Past Imperfect

Past Imperfect – #530

Marilyn Monroe: “Arthur, I’m not really understanding this bit in your play right here, with the witches shrieking.”

Arthur Miller, off-camera due to clearance issues with his publicist: “Well, it’s an allegory about the Salem trials and McCarthyism and… why are you standing like that?”

Marilyn: “I’m posing in a glamorous manner.”

Arthur: “Why are you posing? I wasn’t even in the room and there’s no one else here.”

Marilyn: “It doesn’t matter. You should always do everything with style and purpose, even if no one else is looking, because life is too short and you might as well live it to the best of your ability.”

Arthur: “That’s an interesting viewpoint.”

Marilyn: “By interesting, do you mean naive?”

Arthur: “I didn’t say that.”

Marilyn: “You didn’t have to, your tone did.”

Arthur: “Look, I’m not getting into this argument again. We’re late for the awards ceremony.”

Marilyn: “Ah, yes, another awards ceremony for you. How lovely.”

Arthur: “And who has the tone now?”

Marilyn: “Fair enough. But do you understand why I have the tone?”

Arthur: “Because you’re trying to counter my own tone. This is a pattern that goes back to the caveman days.”

Marilyn: “And maybe it does. But I’m talking about now. You’re the celebrated playwright who writes the words, and I’m the lowly actress who only speaks those words, and everyone is making jokes about our marriage. But what I do does matter. And in the future, you might be an inspiration to a select group of people who admire those words you write, but I will be an inspiration to the rest of us who just want to validate themselves and they are willing to do what it takes.”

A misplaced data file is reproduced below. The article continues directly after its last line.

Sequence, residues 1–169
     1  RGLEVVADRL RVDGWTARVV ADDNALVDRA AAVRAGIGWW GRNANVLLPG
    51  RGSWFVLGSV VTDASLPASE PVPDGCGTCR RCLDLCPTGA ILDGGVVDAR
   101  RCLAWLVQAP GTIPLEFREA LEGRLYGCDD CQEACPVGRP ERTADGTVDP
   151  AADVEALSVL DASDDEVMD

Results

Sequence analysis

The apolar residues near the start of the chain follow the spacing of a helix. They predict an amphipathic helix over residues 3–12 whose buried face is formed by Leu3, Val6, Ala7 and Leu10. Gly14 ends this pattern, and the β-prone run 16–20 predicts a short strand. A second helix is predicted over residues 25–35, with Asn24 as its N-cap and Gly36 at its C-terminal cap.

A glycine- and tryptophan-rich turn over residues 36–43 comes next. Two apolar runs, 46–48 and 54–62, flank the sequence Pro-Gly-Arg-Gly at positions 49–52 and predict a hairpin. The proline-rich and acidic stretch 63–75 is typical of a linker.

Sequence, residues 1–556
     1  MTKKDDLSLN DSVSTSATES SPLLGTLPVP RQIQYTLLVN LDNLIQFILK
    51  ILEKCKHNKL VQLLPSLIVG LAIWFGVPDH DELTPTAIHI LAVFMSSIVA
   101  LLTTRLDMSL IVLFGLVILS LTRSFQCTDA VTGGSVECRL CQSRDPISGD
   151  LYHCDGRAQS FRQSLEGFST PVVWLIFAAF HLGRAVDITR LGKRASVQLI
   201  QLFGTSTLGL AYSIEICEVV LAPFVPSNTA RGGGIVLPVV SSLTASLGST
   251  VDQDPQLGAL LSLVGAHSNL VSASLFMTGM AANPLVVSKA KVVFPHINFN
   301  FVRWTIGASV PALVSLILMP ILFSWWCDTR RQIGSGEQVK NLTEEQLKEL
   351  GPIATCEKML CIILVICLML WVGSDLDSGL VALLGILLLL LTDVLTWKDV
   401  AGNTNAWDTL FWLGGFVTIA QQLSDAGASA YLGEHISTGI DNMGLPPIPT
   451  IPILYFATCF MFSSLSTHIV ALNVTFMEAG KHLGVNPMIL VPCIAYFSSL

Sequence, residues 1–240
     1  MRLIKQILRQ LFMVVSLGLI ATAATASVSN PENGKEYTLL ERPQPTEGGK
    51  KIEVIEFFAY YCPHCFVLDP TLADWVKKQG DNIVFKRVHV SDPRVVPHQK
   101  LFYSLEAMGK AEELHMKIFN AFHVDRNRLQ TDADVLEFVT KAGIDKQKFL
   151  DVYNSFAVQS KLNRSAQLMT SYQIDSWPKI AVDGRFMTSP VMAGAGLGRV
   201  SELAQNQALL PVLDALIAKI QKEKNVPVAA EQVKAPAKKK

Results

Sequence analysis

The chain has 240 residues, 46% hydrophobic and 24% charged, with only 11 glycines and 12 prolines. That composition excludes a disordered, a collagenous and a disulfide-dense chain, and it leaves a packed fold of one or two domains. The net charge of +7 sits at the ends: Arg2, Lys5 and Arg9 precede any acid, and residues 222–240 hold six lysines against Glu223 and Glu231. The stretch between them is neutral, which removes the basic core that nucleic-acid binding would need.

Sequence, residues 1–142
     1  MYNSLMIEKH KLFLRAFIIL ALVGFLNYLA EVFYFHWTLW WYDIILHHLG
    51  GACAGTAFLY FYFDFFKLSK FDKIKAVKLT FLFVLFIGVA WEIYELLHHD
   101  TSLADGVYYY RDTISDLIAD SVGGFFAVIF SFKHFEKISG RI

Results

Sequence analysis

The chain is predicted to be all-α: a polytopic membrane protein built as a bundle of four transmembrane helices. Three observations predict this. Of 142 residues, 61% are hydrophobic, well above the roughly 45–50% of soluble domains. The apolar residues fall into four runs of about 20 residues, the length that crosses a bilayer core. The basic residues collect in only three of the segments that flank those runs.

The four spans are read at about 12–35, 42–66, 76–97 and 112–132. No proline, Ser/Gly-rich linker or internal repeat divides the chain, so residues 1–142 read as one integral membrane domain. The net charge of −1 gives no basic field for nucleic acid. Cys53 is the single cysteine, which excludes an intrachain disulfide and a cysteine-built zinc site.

Arthur: “That’s a rather lofty aspiration you have, and I’d love to discuss the details, but we have a cab waiting. Blow out that candle and turn off the ceiling fan.”

Marilyn: “No, I think I’ll let both of those things be. Something tells me that someone named Elton will come along and be able to do something with those.”

 

This admittedly not-so-humorous post was inspired by the following quote:

“When I was five I think, that’s when I started wanting to be an actress. I loved to play. I didn’t like the world around me because it was kind of grim, but I loved to play house. It was like you could make your own boundaries… When I heard that this was acting, I said that’s what I want to be… Some of my foster families used to send me to the movies to get me out of the house and there I’d sit all day and way into the night. Up in front, there with the screen so big, a little kid all alone, and I loved it.”

Interview in Life magazine, 1962.

 

Make your own boundaries, folks. Every day.

 

Previously published. Slight changes made. Sometimes I serve these Crusty Pie slices a little warmer than usual, but this one has an underlying chill. A few weeks after the Life interview, she was gone…

Whatever you dream of doing, do it now, even if no one else is looking…

 

26 replies »

    • This is perhaps more trivia than you cared to read, but still: The candle and ceiling-fan reference is a cue to Elton John’s 1973 song “Candle in the Wind”, written specifically about “Norma Jean” (Marilyn’s real name) and generally about anyone who is taken in the prime of their life. (Elton re-recorded the song in 1997, with the words changed to reflect the passing of Princess Diana. That version of the song quickly became the best-selling single of all time in the UK. I’m not sure if that milestone still stands.) Elton’s long-time lyricist, Bernie Taupin, wrote the original version of the song after overhearing someone use the phrase “candle in the wind” in reference to Janis Joplin…

      And please, always feel free to ask anything you want here at Bonnywood. I often work sometimes-obscure trivia into my stories, little threads that reveal a bit more if you tug on them, like in this example…